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Glass and glass production in the Oman peninsula in antiquity reconsidered - chemical and mineralogical investigation of sands

Tijdschriftbijdrage - Tijdschriftartikel

© 2018 John Wiley & Sons Ltd A batch of green- and amber-coloured glass chunks and unguentaria dating from the first century CE was found in 2007 at Dibba al Hisn, a site on the Arabian Sea coast of the United Arab Emirates (UAE). Its elemental and isotopic composition revealed the glass to be of a previously unknown plant ash glass type, different from known contemporary Roman, Mesopotamian, and Indian glass. The Sr isotopic composition of the glass corresponds to locally available plants, pointing to the possible existence of a first-century CE local glass production centre. To explore this possibility, sands from around the UAE were analysed to establish their suitability for glass making and correspondence with the Dibba finds. This paper presents the results of the elemental analysis of fourteen sands. The analysis, performed using inductively coupled plasma optical emission spectroscopy (ICP-OES), revealed all sands to be rich in lime and alumina. X-ray diffraction revealed the presence of calcite and other carbonate minerals, as well as antigorite and quartz. Comparison of the sand compositions to average first-century CE non-Roman glass found at Dibba showed them to be unsuitable as raw material for producing the glass of Dibba. The evidence thus identifies this glass batch as imported, contrary to what was suggested before. This paper also reviews the occurrence of thick-walled unguentaria in the region.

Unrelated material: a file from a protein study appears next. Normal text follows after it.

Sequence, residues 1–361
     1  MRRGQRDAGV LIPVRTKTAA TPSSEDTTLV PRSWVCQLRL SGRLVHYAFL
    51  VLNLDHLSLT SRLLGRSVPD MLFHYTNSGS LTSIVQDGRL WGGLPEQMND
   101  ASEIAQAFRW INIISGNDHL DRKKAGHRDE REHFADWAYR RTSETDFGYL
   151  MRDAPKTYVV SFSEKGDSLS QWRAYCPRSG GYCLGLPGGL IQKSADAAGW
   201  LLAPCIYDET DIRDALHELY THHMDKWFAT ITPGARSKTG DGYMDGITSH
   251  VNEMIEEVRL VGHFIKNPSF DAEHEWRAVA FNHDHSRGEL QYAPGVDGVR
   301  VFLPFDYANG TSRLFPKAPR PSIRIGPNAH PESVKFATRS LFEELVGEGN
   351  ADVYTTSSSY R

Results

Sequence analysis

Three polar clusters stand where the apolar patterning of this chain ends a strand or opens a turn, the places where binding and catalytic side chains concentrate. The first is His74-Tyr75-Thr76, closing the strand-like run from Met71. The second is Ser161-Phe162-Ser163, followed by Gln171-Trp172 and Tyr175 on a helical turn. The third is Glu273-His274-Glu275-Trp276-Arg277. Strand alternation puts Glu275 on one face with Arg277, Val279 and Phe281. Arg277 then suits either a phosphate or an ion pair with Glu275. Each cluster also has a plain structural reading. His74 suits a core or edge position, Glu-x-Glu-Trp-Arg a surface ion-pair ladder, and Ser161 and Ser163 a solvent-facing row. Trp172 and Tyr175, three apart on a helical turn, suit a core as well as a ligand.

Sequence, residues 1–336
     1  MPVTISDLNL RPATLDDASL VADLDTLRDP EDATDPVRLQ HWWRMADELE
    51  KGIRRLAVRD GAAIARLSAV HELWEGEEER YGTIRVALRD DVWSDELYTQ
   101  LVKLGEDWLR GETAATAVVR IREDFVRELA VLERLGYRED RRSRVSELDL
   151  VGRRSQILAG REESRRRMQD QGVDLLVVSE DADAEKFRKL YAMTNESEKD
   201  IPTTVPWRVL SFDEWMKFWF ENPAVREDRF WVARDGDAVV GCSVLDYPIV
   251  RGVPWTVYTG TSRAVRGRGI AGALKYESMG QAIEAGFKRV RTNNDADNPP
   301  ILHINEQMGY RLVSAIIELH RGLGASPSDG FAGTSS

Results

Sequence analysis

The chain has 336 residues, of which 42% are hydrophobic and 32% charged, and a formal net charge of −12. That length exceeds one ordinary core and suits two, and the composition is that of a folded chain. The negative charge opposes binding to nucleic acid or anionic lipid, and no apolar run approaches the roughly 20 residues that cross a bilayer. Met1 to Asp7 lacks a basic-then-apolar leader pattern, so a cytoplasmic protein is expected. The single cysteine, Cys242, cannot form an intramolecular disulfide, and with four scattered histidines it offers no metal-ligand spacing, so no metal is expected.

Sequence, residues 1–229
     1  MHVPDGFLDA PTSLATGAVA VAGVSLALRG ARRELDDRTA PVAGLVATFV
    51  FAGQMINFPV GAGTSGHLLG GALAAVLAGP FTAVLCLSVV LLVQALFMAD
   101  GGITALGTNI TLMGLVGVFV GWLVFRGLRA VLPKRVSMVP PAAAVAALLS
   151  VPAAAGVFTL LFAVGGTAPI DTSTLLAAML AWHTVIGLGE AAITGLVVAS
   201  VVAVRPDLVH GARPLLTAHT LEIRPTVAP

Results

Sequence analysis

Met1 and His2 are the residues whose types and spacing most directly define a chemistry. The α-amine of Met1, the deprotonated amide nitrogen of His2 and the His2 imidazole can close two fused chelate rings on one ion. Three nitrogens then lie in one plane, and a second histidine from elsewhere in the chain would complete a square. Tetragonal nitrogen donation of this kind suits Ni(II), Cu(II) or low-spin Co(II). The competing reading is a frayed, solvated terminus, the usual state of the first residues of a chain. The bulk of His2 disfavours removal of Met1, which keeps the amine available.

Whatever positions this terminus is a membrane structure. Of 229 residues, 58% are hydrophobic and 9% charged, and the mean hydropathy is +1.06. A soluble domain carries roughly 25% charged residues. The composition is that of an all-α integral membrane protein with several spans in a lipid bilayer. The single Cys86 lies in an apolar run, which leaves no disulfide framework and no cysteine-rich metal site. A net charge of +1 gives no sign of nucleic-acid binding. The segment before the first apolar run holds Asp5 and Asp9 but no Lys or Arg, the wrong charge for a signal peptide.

Tijdschrift: Arabian Archaeology and Epigraphy
ISSN: 0905-7196
Issue: 1
Volume: 29
Pagina's: 93 - 101
Aantal pagina's: 9
Jaar van publicatie:2018
Authors from:Higher Education